Every job has its ups and downs, and, while everyone insists that retail is hell on earth, a retail job is not always the worst thing in the world.
I won’t lie: I work at a pretty well-known retail store, and I love it, but there are definitely some downsides.
I’ve worked at my current job for three years now, and have since learned to compartmentalize rude comments and get over it, but am I supposed to put up with a customer’s abuse because I wear a name tag?
Next time you’re considering lashing out at your friendly neighborhood minimum wage worker, here are some reasons you should be nicer to retail employees.
We do a lot of work for little pay.
Believe it or not, retail employees really do a lot of work for very little pay.
Of course, every person’s experience is different, but a typical day for me included standing at a register for eight hours or more, while also making displays for the sales floor, cleaning up customer’s messes, putting things into top-stock and completely re-pricing items that have gone on sale.
While this may seem like a very simple job — and some days it is, on busy days when the line of customers goes around the store, it is stressful to do anything besides stand at the register all day.
We deal with irate customers all day.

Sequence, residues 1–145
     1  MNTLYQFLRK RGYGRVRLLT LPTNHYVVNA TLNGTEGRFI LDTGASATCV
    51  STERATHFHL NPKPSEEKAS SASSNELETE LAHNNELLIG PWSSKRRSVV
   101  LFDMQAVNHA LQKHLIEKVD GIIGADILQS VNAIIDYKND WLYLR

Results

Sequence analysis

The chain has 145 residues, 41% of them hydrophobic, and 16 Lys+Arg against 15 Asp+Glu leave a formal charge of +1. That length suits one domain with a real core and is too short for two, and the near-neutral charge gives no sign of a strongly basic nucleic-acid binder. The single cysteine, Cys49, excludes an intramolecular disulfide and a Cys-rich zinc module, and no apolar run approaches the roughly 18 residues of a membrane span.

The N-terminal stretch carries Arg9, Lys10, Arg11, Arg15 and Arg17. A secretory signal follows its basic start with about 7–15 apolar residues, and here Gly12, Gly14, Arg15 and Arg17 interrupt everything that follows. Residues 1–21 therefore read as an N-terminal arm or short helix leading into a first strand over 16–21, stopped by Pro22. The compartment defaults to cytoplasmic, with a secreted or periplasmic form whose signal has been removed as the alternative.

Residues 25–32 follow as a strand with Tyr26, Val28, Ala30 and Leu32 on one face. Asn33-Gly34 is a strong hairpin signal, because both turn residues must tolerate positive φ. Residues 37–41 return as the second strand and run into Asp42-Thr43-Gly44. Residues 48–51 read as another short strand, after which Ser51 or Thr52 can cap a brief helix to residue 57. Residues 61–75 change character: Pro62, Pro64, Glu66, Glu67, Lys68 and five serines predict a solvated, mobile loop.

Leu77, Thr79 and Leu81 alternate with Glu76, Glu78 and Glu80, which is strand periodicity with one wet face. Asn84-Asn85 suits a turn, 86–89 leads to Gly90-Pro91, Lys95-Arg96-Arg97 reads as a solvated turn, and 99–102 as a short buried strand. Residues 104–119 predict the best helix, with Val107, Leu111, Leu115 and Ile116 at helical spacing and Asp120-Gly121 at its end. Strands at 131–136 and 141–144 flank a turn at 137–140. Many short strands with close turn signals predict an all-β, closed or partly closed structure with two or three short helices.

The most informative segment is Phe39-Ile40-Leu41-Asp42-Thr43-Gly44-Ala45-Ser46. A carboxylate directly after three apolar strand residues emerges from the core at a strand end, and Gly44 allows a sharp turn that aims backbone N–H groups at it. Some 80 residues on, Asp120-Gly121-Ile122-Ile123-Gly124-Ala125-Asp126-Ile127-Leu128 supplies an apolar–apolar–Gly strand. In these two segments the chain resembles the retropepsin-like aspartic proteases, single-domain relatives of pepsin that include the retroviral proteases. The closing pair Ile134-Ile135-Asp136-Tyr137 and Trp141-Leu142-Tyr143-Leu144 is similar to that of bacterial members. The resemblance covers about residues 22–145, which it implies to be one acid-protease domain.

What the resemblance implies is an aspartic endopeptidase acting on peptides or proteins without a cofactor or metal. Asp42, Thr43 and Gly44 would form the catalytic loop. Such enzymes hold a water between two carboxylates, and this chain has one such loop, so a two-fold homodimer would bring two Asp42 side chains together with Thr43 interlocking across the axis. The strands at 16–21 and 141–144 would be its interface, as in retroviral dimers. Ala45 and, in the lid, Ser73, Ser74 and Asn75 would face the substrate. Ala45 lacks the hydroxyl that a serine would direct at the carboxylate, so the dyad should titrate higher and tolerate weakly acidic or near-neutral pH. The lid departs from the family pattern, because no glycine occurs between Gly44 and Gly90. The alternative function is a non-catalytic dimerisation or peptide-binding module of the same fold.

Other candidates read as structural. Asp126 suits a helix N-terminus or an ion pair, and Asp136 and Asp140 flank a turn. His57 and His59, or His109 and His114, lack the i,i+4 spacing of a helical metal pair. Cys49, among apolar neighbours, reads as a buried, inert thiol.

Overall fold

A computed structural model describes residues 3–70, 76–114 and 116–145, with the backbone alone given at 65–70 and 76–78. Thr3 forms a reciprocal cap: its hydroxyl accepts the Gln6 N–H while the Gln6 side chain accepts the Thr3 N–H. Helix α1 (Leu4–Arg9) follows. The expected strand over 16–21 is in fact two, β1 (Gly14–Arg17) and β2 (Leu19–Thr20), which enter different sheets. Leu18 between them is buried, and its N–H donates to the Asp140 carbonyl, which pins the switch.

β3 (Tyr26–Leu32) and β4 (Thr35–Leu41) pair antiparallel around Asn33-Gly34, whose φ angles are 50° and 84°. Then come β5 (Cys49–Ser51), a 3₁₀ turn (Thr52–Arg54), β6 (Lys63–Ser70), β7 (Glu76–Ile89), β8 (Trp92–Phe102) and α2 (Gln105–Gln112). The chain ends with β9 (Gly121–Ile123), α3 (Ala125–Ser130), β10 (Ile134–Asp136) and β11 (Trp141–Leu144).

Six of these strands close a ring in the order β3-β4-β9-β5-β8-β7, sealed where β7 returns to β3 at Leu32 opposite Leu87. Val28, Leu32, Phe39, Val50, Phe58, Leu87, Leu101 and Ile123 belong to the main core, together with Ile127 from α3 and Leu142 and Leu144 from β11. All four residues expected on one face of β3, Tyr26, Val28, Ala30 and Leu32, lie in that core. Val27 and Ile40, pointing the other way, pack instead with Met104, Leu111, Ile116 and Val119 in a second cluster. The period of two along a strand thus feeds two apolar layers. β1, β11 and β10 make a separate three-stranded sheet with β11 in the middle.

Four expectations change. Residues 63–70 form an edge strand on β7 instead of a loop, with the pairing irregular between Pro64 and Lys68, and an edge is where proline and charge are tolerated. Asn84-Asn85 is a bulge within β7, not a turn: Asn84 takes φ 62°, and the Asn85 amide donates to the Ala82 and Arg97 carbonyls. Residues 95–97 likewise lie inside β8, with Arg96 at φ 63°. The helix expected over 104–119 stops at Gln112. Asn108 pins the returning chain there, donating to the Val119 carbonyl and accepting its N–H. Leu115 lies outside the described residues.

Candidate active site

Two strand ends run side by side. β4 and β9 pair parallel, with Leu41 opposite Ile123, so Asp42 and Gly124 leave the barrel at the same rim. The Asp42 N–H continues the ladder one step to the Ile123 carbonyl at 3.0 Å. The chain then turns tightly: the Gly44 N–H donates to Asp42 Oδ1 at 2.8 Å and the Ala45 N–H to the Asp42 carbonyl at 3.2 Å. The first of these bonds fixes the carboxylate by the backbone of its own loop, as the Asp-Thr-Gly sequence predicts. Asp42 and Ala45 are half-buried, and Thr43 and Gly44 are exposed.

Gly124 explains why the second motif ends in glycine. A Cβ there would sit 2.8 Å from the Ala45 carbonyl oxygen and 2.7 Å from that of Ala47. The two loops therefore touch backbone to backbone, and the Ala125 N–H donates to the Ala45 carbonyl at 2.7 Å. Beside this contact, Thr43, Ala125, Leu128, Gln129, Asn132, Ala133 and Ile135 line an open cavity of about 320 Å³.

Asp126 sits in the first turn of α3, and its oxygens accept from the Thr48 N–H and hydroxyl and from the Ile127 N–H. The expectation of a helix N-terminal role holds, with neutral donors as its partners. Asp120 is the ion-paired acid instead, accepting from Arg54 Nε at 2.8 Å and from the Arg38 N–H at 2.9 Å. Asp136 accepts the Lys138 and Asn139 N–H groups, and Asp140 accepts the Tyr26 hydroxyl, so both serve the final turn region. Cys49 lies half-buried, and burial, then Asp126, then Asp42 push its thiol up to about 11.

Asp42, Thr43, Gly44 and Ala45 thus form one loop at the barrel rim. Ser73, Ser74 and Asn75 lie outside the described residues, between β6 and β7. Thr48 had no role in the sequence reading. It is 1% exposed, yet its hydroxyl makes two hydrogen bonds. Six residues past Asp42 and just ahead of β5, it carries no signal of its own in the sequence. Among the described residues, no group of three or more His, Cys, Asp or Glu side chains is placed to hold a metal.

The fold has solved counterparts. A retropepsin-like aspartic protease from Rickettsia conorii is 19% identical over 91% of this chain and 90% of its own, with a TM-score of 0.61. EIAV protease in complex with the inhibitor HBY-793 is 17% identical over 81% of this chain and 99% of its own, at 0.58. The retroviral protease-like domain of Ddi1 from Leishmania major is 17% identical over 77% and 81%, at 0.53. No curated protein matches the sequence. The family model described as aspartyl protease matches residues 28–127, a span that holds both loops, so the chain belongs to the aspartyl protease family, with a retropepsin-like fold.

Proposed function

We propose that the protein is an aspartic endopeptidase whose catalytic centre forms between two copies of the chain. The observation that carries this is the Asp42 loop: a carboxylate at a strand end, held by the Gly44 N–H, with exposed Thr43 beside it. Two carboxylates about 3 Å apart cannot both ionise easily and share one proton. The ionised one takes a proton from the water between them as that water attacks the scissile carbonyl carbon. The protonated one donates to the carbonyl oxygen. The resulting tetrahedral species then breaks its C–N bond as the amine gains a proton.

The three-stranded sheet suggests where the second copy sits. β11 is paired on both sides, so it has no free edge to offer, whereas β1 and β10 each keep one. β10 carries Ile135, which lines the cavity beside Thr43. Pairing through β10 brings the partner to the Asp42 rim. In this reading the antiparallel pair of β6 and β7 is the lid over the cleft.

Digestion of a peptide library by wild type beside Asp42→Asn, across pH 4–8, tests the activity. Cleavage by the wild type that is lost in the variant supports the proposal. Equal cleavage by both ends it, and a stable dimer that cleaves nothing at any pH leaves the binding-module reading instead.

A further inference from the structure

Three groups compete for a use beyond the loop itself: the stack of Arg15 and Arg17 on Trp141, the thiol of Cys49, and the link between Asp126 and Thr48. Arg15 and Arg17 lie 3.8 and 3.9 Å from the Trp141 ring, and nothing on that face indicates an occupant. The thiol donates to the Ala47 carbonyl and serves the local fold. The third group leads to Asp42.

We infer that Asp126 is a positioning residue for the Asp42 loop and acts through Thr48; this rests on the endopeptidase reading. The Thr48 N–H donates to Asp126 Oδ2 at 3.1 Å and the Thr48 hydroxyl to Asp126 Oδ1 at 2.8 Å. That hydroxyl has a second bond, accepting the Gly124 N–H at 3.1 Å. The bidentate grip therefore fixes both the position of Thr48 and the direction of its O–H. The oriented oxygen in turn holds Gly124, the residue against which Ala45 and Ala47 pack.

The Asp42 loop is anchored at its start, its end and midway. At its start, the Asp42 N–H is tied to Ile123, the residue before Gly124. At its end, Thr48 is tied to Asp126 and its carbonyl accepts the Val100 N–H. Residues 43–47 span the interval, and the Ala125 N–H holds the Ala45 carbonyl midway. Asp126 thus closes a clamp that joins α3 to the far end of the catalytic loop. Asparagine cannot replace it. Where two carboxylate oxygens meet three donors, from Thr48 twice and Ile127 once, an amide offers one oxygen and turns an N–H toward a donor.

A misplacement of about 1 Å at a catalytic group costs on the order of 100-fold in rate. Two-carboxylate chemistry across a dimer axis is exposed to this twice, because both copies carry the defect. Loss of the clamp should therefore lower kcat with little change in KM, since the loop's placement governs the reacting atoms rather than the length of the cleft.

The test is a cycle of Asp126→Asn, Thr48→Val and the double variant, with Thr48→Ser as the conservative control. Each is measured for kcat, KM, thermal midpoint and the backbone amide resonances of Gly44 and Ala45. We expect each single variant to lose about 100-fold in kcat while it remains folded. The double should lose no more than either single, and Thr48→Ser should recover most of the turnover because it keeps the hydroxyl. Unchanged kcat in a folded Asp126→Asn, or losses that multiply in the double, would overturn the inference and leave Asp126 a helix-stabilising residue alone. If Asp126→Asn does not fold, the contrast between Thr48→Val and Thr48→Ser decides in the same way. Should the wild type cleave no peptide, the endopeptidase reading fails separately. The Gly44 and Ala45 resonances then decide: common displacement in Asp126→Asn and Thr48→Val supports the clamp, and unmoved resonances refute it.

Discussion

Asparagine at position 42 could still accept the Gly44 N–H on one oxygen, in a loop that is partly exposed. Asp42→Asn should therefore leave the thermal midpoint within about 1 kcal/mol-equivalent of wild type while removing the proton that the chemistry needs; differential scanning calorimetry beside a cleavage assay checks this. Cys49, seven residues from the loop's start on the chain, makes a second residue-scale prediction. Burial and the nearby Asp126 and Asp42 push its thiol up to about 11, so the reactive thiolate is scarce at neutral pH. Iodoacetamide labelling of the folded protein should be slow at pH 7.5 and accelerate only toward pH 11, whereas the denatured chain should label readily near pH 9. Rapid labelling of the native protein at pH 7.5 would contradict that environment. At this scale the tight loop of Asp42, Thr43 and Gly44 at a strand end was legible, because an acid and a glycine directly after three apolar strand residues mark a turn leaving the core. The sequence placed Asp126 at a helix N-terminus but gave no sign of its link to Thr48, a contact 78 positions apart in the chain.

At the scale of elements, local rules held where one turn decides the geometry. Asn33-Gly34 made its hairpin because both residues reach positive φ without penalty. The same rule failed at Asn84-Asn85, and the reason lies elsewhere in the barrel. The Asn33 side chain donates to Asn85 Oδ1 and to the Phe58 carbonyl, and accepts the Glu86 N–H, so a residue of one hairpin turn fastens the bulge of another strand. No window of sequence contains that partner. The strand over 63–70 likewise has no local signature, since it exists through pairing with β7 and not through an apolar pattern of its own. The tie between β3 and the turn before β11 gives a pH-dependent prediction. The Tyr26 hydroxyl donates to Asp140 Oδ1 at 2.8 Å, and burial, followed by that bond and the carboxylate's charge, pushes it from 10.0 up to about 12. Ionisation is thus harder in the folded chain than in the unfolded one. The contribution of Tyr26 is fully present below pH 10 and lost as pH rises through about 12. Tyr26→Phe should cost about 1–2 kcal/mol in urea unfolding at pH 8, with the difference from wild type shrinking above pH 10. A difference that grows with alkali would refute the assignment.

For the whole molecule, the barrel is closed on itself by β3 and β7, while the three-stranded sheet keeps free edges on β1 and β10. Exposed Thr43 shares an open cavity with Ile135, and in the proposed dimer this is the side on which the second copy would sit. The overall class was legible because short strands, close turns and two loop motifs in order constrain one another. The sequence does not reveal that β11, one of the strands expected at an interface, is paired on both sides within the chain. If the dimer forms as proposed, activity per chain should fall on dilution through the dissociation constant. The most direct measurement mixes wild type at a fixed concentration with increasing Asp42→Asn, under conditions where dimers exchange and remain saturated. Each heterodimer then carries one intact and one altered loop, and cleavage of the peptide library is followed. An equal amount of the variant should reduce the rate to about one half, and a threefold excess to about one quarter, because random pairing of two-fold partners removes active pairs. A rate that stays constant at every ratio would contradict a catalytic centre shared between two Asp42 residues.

I am not exaggerating at all when I say that some days, it feels like every person in the world is having their worst day ever.
Trust me when I say this: being the person to tell a customer that something that they want is out of stock is my own personal hell.
I, of course, couldn’t write this without mentioning the coupon ninja customers!
I have literally seen my managers be physically and verbally assaulted on numerous occasions because of things that are out of our control at a store level. Of course, we are trained to be able to deal with these types of customers in the best “retail way,” but the point is: we shouldn’t have to deal with it in the first place.
We don’t make the merchandise you buy.
I can’t put into words how many times I have had a customer yell at me for something that was not manufactured correctly, or something that broke.
No one who is working in the store is making your vacuum. The reality is that we don’t make the products, we just sell them!
We are human beings!
Enough said. This shouldn’t have to be explained.
While working retail can be extremely difficult, it honestly has taught me some of the best lessons.
I have learned patience, compassion, the customer is almost always wrong, and, most importantly, how to pretend like I’m not about to blow a fuse after a particularly bad interaction.
If the world was a righteous place, everyone would have to work a retail job at least once in their life. Maybe their experience would change their attitude towards retail and customer service employees.